Problem-solving skills: Also known as “critical-thinking skills,” Reilly notes that they are measured by nearly every assessment and are “weighted heavily when assessing job fit” because they are “the measure most highly correlated with performance.” He divides these skills into two categories:

  1. Verbal reasoning or intuitive problem solving; and
  2. Understanding metrics or the ability to find patterns in data and to help people understand their role.

“If they don’t have the quantitative skills for understanding metrics, or their verbal reasoning isn’t very high, they’re not going to problem-solve well,” Reilly says.

Energy or activity level: Can this person keep up with the demands of the position? What is their sense of urgency? Are they able to prioritize? Do they use the resources and tools available to them?

“You want to make sure that person can get all that done and not burn out because a lot of people, when they get promoted, the reason they end up leaving or not doing well is because it’s too much for them,” Reilly says. “So, you want to check that energy level.”

Motivation: “What’s actually driving them? What are their most basic needs?” Reilly asks. “There’s no right answer.  It depends on the job and  company,  but  you  want  to  look at their need for structure and guidance. Are they independent enough in their current role? What is their need for stability and predictability? Are they willing to change? Do they have a high need for recognition that they won’t get in this role or that’s inherent in the role?”

Knowing people's motivations is just as important as knowing if those motivations will be present in the job, Reilly says, “because you want it to be a good job for them, not just the company.”

Relationship building: After defining the key players, it’s important to determine the person’s ability to establish and maintain long-term relationships with those players. This is assessed through testing and examining their work history. “When you look at people who fail, many have most of the skills but don’t understand how to deal with a certain constituency,” Reilly says. “For example, they may try to push and tell people what to do rather than persuade and coach them, and that’s going to have ripple effects.”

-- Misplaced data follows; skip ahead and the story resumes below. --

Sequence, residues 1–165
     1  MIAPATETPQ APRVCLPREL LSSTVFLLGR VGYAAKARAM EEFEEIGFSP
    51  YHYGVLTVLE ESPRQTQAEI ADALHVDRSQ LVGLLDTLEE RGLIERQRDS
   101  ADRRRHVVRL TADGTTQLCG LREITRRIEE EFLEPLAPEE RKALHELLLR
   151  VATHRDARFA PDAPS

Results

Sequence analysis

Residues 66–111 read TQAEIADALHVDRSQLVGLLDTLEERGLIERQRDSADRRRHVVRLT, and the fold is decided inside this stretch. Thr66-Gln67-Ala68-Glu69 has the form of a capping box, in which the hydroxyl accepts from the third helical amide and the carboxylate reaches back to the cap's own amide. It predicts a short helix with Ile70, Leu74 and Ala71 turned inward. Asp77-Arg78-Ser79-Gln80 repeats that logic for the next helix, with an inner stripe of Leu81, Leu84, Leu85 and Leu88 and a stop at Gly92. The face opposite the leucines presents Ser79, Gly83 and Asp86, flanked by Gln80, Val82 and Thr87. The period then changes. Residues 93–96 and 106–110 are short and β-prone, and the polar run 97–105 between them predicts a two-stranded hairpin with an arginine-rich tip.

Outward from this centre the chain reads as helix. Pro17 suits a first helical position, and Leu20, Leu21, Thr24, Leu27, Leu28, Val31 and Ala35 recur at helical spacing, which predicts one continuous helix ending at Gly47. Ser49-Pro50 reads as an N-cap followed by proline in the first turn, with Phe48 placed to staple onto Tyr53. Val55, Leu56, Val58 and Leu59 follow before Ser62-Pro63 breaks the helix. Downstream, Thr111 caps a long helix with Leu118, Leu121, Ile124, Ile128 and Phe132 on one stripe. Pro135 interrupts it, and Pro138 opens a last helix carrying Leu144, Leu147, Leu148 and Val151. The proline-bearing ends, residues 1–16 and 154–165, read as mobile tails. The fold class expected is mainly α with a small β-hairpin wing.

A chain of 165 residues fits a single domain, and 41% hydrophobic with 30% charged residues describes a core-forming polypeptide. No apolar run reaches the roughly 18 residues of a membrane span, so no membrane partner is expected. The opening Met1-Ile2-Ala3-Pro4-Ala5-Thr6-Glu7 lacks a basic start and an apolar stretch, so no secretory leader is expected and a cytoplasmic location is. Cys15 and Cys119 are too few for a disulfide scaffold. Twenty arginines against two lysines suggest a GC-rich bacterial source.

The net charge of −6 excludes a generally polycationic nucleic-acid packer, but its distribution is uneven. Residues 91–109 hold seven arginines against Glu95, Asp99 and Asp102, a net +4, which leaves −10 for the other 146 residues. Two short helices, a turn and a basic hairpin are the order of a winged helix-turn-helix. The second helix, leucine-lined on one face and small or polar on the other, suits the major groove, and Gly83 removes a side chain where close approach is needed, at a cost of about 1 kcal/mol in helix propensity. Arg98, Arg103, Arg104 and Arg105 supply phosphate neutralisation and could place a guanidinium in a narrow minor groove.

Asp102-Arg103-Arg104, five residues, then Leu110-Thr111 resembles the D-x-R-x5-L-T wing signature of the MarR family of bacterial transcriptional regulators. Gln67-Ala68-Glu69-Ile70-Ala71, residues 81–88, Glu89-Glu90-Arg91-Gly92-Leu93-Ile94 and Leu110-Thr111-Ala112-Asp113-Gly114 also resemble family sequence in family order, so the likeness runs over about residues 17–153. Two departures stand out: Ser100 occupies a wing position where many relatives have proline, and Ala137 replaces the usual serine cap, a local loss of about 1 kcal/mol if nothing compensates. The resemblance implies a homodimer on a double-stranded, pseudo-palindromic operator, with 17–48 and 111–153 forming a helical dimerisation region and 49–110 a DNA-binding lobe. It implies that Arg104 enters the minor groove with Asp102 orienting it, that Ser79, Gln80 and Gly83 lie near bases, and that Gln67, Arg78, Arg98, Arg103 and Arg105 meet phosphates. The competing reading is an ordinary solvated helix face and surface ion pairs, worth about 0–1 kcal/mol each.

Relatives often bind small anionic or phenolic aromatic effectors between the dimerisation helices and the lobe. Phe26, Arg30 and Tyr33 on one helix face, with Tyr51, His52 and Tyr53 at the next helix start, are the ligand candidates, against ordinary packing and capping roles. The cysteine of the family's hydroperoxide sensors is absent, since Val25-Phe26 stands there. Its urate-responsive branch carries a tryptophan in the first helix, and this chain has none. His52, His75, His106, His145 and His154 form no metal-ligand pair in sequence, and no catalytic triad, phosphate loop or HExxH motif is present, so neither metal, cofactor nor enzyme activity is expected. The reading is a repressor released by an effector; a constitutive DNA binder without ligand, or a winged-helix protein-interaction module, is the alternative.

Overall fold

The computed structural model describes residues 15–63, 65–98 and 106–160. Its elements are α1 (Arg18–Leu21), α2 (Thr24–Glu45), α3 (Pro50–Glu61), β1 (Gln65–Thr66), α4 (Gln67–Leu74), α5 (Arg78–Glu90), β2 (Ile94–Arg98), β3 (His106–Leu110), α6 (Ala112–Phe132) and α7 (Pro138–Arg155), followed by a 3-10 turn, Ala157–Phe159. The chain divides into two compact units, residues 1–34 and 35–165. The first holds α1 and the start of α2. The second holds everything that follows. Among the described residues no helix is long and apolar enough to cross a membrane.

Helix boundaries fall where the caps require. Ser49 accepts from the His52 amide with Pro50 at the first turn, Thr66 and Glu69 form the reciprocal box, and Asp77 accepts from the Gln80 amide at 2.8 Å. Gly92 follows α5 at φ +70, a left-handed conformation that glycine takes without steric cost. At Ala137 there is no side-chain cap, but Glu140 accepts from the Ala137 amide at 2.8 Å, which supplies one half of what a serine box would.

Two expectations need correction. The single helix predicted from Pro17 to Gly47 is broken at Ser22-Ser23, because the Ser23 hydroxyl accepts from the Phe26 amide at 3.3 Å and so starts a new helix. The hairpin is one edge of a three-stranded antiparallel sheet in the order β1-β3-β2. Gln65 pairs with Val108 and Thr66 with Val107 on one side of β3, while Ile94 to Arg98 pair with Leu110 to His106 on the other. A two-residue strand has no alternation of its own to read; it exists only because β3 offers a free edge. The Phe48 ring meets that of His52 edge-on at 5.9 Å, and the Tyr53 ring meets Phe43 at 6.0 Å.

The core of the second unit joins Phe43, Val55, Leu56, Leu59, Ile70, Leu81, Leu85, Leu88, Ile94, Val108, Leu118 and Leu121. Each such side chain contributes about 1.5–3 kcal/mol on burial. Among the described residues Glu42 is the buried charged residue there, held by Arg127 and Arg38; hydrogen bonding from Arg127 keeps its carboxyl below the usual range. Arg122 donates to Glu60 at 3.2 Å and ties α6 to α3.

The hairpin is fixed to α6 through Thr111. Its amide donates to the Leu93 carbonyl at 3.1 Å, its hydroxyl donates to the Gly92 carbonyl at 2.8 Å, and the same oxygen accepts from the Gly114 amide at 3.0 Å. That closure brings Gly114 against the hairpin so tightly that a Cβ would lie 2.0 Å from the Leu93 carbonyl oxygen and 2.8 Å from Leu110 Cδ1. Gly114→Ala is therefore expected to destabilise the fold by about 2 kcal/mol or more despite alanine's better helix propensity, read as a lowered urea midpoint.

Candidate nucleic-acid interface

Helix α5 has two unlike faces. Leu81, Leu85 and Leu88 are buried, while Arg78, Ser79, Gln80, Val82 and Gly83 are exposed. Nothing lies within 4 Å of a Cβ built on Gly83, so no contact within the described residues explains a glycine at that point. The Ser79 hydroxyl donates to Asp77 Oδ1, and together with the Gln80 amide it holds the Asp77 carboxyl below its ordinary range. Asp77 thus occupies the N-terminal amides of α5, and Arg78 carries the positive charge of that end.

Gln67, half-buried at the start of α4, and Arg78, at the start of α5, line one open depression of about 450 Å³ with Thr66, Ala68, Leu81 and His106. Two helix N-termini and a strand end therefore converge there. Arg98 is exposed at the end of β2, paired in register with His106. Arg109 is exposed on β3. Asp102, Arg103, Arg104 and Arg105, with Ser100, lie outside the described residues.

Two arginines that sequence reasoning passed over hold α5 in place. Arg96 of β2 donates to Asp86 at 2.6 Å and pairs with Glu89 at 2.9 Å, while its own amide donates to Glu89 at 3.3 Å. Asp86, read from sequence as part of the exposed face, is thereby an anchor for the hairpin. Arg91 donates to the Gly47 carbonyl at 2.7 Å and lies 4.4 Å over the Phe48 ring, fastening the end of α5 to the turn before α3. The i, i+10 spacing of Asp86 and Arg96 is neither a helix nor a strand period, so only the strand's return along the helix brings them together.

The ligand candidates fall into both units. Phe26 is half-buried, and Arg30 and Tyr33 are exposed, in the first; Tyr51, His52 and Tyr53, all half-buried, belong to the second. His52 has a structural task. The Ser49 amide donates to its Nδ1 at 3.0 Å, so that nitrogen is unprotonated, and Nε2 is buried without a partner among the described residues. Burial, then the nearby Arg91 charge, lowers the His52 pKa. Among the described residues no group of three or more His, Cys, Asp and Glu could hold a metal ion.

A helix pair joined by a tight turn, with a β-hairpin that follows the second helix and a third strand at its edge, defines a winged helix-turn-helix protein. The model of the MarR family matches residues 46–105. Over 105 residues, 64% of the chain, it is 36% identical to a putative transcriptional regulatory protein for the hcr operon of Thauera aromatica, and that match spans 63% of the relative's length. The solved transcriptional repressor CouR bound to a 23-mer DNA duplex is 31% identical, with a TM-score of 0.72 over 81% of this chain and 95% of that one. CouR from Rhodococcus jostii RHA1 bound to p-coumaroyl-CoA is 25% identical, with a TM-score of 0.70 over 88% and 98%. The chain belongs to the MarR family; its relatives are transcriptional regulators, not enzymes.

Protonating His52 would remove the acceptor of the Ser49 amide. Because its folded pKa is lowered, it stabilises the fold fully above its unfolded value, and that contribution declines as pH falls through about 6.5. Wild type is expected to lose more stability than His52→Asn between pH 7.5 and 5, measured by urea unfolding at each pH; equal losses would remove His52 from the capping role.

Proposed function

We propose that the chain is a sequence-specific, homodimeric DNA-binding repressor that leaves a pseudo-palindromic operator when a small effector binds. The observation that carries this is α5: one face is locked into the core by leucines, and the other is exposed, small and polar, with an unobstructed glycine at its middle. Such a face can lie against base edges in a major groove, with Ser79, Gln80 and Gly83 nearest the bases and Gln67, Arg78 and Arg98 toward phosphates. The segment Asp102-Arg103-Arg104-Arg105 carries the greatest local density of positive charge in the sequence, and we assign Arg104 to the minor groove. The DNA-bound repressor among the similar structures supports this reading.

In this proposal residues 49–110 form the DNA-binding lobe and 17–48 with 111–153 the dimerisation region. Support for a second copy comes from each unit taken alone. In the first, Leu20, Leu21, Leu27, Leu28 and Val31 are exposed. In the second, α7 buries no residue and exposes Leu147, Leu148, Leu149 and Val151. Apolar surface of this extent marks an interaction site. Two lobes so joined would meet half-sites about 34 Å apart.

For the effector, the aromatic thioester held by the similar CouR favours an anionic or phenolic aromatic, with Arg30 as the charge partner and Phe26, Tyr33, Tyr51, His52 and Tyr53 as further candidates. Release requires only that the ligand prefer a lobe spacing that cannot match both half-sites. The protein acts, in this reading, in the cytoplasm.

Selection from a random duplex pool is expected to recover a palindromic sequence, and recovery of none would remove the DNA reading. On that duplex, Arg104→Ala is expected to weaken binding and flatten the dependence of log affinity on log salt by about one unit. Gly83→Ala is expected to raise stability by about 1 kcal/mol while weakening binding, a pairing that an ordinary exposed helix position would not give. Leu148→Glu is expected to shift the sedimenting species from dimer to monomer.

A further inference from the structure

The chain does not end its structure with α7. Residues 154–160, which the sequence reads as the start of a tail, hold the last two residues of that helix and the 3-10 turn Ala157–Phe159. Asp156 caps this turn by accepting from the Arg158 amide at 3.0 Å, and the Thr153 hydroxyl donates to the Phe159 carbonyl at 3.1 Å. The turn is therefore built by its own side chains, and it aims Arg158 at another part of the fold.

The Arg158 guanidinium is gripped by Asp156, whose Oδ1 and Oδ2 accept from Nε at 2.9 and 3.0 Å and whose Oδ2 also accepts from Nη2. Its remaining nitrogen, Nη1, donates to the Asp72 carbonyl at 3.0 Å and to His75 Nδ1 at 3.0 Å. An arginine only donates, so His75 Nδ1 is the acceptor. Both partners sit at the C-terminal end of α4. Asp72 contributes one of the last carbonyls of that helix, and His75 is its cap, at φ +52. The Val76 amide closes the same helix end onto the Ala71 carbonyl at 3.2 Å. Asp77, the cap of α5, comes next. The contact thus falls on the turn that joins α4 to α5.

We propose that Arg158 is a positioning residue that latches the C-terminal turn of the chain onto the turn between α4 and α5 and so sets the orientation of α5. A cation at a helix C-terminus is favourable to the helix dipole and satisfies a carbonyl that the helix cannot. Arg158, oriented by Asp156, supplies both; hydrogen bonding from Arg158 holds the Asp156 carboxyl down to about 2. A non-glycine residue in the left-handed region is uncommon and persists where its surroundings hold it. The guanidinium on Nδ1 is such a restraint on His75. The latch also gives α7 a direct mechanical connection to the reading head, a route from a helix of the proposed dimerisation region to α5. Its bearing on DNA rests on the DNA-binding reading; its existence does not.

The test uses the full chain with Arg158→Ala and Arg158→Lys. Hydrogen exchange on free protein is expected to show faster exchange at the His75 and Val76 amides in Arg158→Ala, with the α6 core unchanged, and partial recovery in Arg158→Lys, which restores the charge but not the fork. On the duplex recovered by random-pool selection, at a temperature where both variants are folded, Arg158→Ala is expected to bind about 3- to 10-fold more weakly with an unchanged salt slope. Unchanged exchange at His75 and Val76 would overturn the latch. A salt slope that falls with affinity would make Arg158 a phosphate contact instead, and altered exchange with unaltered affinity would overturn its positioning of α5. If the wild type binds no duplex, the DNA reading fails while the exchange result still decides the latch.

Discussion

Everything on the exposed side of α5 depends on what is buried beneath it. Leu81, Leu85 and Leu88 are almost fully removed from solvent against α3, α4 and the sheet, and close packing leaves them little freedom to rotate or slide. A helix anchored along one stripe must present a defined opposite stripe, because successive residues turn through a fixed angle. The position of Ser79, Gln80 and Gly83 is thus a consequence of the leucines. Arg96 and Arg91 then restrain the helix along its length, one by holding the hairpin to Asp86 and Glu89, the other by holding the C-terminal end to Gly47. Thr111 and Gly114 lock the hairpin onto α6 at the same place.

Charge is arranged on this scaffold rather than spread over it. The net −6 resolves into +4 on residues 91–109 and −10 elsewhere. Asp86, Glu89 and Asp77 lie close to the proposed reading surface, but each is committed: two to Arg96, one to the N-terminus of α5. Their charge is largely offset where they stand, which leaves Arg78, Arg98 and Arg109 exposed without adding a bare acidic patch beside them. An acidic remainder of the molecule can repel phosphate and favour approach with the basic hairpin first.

Work habits: This paints a broad brush across people's ability to organize, plan, delegate, strategize, and, again, use resources. It entails their leadership style and whether they know the difference between leading and managing people — and whether they can they do both in day-to-day operations management. “That’s a tough one because usually they have to bend one way or the other. They might really love strategy but not like details, or they really like details but don’t like a particular academic approach,” Reilly explains. “That’s important, especially in succession planning because often you’re going from details and specifics to planning this, planning that, and taking action, too. Or, thinking more broadly: Where will we be in a year? Then setting goals and understanding how functional areas can help each other or work together.”

“You could literally look at 50 or 60 psychological and behavioral variables that would come out of an assessment,” Reilly continues, “but that can really muddy the waters. By learning about the company and job, we limit this vast data- base of information to the most important 10–15 characteristics that are likely to predict success.”